Did Old Navy clone Kim Kardashian?

The reality star sues over a look-alike ad

By Mary Elizabeth Williams
Published July 21, 2011 4:30PM (EDT)
Melissa Molinaro in an Old Navy ad, and Kim Kardashian.
Melissa Molinaro in an Old Navy ad, and Kim Kardashian.

She's got long dark hair and a mile-wide smile, but that hot chick in the Old Navy ads is not self-described "internationally known celebrity, model, television personality, actress, entrepreneur and pop culture icon" Kim Kardashian. And she'd like a truckload of money to make sure you know it.

The reality star was apparently none too pleased when a new Old Navy "Super C-U-T-E" campaign, featuring a very Kim-esque diva, debuted last winter. Now she's seeking unspecified damages in a new lawsuit to make it stop. In the ad, which envisions a young lady as part of the world's most terrible singing group, The Audio Threadz, model Melissa Molinaro struts through a musical landscape of fabulosity, getting pedicures and charming her way out of parking tickets. Just like a Kardashian!

Miss Kardashian, whose family is set to launch a "fashion" "kollection" next month at Sears, surely wishes not to give offense to her budget retail masters. The appearance of endorsing Old Navy while she and her sisters have "poured our hearts and souls" into their Sears line could indeed prove bad for the brand.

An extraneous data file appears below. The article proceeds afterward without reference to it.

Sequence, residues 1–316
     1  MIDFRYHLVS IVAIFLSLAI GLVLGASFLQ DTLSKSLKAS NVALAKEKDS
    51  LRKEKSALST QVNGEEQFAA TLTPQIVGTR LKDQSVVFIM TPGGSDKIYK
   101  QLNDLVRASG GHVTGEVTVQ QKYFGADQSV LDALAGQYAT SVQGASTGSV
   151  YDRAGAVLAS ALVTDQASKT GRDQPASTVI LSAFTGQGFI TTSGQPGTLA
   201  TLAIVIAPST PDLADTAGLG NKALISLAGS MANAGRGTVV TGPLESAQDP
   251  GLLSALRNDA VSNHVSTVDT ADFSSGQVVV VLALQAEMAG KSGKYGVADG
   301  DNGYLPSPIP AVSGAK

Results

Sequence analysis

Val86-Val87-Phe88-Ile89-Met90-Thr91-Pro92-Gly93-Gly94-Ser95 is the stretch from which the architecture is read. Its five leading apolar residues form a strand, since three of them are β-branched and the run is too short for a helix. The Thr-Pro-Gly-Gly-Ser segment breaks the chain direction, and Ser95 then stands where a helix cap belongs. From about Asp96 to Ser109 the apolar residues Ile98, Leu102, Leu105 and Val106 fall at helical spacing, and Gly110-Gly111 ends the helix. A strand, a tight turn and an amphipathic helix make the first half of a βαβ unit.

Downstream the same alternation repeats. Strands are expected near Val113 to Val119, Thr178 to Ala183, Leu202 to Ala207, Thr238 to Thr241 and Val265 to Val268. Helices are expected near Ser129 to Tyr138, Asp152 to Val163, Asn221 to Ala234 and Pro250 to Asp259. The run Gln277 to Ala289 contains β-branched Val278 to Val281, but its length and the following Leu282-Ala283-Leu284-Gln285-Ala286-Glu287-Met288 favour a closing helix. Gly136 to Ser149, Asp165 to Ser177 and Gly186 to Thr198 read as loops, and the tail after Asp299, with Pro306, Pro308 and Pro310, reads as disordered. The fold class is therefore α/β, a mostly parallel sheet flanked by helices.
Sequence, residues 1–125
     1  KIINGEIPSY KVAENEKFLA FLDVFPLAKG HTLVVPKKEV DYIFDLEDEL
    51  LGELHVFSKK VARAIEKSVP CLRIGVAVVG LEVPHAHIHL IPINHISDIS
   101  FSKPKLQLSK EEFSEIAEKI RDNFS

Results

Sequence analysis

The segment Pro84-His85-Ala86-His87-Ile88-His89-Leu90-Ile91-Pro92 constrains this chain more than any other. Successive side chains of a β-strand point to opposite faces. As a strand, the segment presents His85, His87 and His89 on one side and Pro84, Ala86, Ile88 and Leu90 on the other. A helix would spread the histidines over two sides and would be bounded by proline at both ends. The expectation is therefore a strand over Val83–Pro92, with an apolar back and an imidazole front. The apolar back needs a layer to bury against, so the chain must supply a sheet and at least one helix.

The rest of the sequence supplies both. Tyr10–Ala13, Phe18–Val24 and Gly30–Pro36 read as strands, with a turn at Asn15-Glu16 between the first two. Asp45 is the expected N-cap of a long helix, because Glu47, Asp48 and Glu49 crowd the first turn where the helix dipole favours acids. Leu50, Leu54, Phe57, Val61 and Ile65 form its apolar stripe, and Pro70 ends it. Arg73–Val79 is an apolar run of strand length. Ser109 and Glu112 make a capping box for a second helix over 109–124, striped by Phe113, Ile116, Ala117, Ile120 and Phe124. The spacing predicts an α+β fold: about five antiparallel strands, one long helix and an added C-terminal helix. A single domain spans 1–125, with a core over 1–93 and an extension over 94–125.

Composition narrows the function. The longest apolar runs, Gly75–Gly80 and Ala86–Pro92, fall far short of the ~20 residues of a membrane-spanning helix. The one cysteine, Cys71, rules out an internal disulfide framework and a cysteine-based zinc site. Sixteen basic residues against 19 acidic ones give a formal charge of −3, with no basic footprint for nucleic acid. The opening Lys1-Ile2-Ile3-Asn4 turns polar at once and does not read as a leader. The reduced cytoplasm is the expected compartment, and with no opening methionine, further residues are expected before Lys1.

The lawsuit claims that Kardashian "has invested substantial time, energy, finances and entrepreneurial effort in developing her considerable professional and commercial achievements and success, as well as in developing her popularity, fame, and prominence in the public eye." The Old Navy campaign, the suit suggests, somehow undermines that. What, do you take her for some wanton shill or something, America? As she said in a statement to The Hollywood Reporter this week, "I've worked hard to support the products I'm personally involved with and that I believe in." And not everything has the integrity of Carl's Jr. Or Reebok EasyTone. Or Sketchers. Or Quick Trim. Or Midori Liqueur. Yes, when you think discernment, you think Kim Kardashian.

It's not beyond the realm of possibility that the Old Navy ad was in its way an homage to a certain kind of celebrity. And a lady's got a right to protect her image, especially when she's at the apex of her fame. One day you're a big enough star to take on Hallmark for using the phrase "That's hot" and the next, you're storming off an interview because you've been called a has-been. So enjoy it while it lasts, dear.

But not every bubbly brunette is a Kim clone. And that Molinaro girl's badonkadonk is definitely not Kardashian issue. More significantly, though, how could anyone watch a horribly cheesy ad that features a hot white chick singing and dancing around with a bespectacled African American man, and not know that if anyone should be offended here, it's the Black Eyed Peas.  

Mary Elizabeth Williams

Mary Elizabeth Williams is a staff writer for Salon and author of "A Series of Catastrophes & Miracles."

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